While basis at the Gulf for corn, soybeans and wheat continues to weaken steadily, bids upriver are headed in the other direction as farmers start to get back into the field this spring.
Gulf prices are struggling under the weight of more shipments arriving now that the river is opening for traffic. Shippers are eager to send barges down river thanks to a plentiful supply of freight that's lowered costs substantially from high prices of the winter, when weather constrained availability.
At the same time, demand from foreign buyers for U.S. originations is slipping seasonally as the old crop marketing years for corn, soybeans and wheat begin to wind down.
While farmers focusing on trying to get fieldwork going after a harsh winter, merchants are wondering if the problems seen on the nation's rail system will cause trouble again this fall when farmers harvest what likely will be good 2014 crops.
Barge freight costs to ship corn downriver remain high, with harvest slots running 30 to 35 cents above old crop months, further helping erode new crop bids.
Testimony prepared by USDA for today's hearing of the U.S. Surface Transportation Board on rail service issues said problems on the system might not be repaired in time for harvest.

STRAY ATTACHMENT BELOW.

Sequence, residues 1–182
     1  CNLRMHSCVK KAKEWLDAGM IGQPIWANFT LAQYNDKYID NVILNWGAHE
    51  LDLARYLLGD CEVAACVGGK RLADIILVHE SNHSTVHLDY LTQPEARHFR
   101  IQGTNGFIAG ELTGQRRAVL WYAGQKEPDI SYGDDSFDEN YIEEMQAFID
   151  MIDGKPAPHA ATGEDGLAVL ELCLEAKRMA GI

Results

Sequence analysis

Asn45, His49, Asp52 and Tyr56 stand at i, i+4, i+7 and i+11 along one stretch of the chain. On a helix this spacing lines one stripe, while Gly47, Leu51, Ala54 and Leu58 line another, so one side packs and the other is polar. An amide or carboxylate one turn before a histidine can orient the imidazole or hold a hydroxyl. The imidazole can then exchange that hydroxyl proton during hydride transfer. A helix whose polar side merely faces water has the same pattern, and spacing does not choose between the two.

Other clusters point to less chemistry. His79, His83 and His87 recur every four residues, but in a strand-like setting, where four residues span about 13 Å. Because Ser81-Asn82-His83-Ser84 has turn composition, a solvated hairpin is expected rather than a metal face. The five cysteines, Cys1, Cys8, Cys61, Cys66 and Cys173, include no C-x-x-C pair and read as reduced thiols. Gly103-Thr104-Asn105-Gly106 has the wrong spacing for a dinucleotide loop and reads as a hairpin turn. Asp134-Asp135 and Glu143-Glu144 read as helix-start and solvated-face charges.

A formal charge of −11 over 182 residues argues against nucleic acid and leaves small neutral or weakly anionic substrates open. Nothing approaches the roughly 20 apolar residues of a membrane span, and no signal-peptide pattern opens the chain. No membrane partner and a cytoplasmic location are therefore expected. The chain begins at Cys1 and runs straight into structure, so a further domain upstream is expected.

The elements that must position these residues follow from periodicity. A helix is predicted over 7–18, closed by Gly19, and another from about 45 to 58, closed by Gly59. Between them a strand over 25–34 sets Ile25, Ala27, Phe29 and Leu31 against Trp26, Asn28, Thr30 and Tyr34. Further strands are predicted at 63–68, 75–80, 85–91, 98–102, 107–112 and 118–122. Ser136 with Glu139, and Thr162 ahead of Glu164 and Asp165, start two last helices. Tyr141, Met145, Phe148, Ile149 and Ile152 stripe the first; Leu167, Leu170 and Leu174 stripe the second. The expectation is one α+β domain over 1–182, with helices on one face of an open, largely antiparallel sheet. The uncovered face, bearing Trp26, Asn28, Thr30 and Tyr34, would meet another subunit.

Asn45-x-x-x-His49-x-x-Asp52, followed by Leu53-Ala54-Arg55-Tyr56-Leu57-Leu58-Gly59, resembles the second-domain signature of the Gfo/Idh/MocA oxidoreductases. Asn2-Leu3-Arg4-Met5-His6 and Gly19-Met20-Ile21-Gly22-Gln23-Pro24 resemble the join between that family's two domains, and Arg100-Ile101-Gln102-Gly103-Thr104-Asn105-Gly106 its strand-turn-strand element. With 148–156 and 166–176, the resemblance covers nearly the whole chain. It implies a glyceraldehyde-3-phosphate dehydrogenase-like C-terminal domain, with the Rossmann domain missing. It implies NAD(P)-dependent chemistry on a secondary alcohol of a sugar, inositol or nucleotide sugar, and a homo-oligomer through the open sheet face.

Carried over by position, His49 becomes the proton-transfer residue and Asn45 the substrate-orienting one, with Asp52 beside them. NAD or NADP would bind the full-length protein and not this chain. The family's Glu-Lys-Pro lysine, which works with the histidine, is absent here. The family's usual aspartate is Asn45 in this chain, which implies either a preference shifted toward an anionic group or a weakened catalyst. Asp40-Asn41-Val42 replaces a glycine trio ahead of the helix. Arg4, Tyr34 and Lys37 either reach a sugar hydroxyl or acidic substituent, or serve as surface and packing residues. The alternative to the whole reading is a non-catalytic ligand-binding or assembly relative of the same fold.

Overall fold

"Although there have been recent signs of improving rail service, there is concern that this year's crop will not be moved before new crop has to go into storage, which could create major problems during the upcoming 2014 harvest," USDA said. "There are reports of elevator operators storing millions of bushels of grain on the ground and refusing to buy more from farmers. Reports from North Dakota co-op managers indicate 85% of this year's corn crop is still in either on-farm or warehouse storage."
Rail capacity was limited first by construction on tracks undertaken to increase capacity. Then winter weather hit to further limit shipping speeds.
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Senior Market Analyst Bryce Knorr first joined Farm Futures Magazine in 1987. In addition to analyzing and writing about the commodity markets, he is a former futures introducing broker and is a registered Commodity Trading Adviser. He conducts Farm Futures exclusive surveys on acreage, production and management issues and is one of the analysts regularly contracted by business wire services before major USDA crop reports. Besides the Morning Call on www.FarmFutures.com he writes weekly reviews for corn, soybeans, and wheat that include selling price targets, charts and seasonal trends. His other weekly reviews on basis, energy, fertilizer and financial markets and feature price forecasts for key crop inputs. A journalist with 38 years of experience, he received the Master Writers Award from the American Agricultural Editors Association.
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